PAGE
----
Our Opinion: Thimerosal debate

Monday, April 10, 2006

The latest salvo has been fired in the battle over whether the vaccine preservative thimerosal poses a danger to children, in particular whether it has caused the autism epidemic in the U.S. In the past 20 years, autism has increased from 1 in 10,000 to 1 in every 166 children in America.

Dr. Paul Offit, chief of the section of infectious diseases at the Children's Hospital of Philadelphia, defended the ethylmercury-containing preservative in a national conference call with reporters last week. The press briefing came a week after a study in The Journal of American Physicians found a 22 percent drop in the occurrence of autism after California ordered thimerosal eliminated from childhood vaccinations.

Offit attacked the study's data and worried that fears about thimerosal would prevent some parents from having their children vaccinated against influenza. Thimerosal no longer is used in childhood vaccines with the exception of some influenza vaccines. Influenza vaccines containing no thimerosal are also available.

Thimerosal was used initially because it prevented contamination in multi-dose vials of vaccines. The Centers for Disease Control continues to maintain that no scientific evidence exists to link thimerosal with autism.

We wonder why experts are still trotted out to defend thimerosal now that the preservative no longer is used in childhood vaccines. Maybe it's because Dr. Offit shares a patent on a rotavirus vaccine containing thimerosal and has a research grant from Merck & Co., the giant pharmaceutical company.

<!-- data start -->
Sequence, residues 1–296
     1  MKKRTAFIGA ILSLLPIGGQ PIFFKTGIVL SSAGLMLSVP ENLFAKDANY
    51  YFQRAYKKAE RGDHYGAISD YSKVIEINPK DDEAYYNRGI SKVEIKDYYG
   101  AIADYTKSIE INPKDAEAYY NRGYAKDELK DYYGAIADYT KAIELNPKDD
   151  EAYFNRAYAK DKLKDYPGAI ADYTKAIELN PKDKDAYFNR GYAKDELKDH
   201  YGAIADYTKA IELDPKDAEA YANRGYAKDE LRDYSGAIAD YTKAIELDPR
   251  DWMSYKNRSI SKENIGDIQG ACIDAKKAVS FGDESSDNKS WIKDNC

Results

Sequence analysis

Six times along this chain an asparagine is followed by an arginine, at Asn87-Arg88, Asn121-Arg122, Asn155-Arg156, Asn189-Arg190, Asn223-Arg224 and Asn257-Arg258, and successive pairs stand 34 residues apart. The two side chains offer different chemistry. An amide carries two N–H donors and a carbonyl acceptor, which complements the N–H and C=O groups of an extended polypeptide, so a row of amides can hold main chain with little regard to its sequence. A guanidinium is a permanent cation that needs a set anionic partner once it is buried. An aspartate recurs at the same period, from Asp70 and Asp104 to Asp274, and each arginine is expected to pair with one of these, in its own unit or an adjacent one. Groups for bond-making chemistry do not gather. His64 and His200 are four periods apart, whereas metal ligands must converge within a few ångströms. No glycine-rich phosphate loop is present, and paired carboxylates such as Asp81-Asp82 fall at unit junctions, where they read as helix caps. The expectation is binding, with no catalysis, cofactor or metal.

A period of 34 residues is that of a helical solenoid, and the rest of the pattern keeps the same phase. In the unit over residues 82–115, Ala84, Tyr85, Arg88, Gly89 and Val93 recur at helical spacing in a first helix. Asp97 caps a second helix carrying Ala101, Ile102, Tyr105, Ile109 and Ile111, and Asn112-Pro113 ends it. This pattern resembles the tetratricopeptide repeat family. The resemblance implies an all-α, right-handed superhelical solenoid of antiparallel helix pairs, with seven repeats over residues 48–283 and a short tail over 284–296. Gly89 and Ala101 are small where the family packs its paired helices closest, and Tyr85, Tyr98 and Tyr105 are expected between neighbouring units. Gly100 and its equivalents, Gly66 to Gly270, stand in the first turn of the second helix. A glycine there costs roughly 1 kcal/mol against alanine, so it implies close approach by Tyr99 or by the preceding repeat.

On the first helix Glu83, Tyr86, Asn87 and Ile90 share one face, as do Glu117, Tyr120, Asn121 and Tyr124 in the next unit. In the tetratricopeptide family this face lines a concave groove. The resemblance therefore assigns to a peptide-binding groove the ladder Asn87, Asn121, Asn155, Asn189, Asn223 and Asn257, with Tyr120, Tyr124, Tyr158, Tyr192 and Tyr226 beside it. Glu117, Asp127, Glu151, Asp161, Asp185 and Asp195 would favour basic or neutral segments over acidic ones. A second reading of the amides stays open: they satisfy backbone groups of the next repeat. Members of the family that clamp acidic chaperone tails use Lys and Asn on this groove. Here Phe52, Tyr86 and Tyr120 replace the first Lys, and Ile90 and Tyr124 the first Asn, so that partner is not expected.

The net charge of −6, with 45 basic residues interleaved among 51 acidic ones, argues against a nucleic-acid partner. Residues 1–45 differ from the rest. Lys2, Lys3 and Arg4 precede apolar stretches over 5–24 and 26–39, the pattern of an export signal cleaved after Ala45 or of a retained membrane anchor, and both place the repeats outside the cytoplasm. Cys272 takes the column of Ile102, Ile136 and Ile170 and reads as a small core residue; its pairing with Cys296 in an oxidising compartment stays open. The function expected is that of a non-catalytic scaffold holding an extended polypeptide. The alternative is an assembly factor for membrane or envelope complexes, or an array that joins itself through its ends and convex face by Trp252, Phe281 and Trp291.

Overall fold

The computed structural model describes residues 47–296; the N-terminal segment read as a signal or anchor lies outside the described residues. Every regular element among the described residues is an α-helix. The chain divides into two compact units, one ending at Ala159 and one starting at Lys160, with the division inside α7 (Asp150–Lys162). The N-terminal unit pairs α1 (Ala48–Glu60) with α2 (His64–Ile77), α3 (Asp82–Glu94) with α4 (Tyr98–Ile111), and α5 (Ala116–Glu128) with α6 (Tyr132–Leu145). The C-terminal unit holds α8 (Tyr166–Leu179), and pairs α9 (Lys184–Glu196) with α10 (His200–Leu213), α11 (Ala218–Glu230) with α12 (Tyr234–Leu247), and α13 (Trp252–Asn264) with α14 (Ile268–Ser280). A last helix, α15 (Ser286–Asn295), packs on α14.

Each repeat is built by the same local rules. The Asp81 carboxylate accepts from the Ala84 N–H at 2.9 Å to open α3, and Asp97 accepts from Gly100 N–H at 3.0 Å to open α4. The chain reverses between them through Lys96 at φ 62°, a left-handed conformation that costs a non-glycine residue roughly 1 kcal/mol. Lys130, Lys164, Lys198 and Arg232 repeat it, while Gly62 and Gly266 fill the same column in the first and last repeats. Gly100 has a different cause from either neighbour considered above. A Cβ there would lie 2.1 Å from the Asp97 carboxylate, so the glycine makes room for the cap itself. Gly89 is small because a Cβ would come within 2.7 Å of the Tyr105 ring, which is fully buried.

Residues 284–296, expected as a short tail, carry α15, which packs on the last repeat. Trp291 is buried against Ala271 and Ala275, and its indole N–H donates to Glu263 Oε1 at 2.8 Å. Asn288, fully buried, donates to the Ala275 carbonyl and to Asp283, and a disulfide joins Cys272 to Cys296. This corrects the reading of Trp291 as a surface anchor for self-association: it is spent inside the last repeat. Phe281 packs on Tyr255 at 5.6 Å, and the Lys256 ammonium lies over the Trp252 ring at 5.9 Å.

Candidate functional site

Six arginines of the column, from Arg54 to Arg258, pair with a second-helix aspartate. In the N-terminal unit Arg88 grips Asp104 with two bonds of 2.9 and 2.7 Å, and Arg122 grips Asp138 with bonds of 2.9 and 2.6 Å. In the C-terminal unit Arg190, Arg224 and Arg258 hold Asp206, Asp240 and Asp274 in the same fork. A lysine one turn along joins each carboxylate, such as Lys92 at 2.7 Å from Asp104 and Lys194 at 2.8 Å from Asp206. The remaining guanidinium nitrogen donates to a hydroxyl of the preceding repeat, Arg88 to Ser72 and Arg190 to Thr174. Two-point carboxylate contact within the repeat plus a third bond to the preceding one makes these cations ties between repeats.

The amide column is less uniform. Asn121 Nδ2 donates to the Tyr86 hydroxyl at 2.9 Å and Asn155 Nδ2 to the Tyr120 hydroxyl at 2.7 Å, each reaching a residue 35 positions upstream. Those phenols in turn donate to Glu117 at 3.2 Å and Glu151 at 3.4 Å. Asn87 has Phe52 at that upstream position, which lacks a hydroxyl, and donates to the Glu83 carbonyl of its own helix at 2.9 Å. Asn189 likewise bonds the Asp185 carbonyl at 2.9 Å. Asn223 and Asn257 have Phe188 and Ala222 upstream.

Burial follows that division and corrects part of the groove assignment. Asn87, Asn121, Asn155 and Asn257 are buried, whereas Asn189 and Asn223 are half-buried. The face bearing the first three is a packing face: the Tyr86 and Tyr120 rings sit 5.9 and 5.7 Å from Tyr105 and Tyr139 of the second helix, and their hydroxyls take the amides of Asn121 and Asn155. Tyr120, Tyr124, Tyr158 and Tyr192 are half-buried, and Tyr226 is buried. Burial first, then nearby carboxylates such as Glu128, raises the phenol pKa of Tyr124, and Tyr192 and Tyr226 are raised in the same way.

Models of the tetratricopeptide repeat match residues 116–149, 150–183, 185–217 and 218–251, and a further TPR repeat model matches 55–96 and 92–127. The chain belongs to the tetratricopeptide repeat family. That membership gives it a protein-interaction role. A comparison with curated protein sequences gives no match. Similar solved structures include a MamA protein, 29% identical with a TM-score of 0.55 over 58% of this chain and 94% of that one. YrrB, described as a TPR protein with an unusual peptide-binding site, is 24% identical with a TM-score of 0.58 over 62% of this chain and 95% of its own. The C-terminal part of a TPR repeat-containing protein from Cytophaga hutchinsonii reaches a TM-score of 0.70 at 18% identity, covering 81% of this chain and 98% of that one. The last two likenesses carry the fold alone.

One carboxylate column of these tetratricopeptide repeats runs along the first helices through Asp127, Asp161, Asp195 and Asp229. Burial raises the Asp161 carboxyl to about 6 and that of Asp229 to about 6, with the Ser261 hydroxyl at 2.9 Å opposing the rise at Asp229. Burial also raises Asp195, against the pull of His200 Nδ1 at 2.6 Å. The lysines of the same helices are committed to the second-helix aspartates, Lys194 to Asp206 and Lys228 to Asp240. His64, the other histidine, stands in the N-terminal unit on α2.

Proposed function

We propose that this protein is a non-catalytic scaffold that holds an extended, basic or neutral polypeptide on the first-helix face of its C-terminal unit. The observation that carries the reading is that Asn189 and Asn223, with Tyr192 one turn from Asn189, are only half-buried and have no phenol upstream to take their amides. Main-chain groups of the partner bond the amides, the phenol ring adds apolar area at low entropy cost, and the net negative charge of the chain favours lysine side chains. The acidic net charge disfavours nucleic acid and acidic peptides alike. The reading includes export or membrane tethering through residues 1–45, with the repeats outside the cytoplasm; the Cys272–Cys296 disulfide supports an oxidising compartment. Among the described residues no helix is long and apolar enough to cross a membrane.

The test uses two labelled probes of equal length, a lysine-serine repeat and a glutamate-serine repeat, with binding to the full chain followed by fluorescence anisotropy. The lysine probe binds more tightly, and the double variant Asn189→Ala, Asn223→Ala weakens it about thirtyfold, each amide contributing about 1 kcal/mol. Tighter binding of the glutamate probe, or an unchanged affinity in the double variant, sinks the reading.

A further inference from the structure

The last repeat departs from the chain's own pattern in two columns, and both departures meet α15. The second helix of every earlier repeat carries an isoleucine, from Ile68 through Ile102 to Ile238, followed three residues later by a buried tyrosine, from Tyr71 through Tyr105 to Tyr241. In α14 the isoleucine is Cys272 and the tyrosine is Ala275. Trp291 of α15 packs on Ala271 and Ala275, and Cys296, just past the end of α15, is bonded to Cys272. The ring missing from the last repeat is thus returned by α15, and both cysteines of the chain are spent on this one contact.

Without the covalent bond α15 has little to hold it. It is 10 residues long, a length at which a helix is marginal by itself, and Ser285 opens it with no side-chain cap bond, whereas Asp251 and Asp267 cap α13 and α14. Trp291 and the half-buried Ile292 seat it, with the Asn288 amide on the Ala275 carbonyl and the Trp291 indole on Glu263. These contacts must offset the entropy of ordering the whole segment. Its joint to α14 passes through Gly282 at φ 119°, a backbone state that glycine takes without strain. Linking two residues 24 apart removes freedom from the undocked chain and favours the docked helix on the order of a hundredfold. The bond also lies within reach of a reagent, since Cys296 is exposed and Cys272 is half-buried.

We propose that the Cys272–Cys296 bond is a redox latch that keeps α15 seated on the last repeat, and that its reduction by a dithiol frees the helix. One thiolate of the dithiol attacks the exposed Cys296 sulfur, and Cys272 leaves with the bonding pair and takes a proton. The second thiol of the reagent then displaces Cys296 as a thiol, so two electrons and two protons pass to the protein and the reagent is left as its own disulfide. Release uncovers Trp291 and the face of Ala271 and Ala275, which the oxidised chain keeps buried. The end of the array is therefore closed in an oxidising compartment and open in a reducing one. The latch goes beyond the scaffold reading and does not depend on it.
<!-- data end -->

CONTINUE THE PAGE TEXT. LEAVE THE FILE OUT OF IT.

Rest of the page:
Questioned about this conflict of interest by Robert F. Kennedy Jr., a senior attorney for the Natural Resources Defense Council, Dr. Offit, who advises the CDC on vaccines, responded: "Science is best left to scientists."

Researchers outside of government, however, charge that the CDC was asleep at the switch during the 1990s when the schedule of childhood immunizations was dramatically increased from the three previous vaccines -- polio, diphtheria-tetanus-pertussis and measles-mumps-rubella -- to a total of 22 immunizations. They argue the cumulative effect has been devastating to some infants' neurological systems.